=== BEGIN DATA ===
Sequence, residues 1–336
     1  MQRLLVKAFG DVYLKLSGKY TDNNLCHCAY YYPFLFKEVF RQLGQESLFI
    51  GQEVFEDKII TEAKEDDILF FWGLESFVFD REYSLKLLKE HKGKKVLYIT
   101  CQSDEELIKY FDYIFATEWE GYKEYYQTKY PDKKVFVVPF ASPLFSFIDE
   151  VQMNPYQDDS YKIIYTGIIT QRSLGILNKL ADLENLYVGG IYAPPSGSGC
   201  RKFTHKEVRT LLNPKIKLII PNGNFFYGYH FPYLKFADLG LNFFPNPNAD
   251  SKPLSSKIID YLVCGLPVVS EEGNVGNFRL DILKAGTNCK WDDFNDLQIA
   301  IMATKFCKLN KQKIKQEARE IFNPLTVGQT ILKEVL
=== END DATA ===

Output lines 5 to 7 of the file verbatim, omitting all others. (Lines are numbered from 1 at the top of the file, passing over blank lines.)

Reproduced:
   151  VQMNPYQDDS YKIIYTGIIT QRSLGILNKL ADLENLYVGG IYAPPSGSGC
   201  RKFTHKEVRT LLNPKIKLII PNGNFFYGYH FPYLKFADLG LNFFPNPNAD
   251  SKPLSSKIID YLVCGLPVVS EEGNVGNFRL DILKAGTNCK WDDFNDLQIA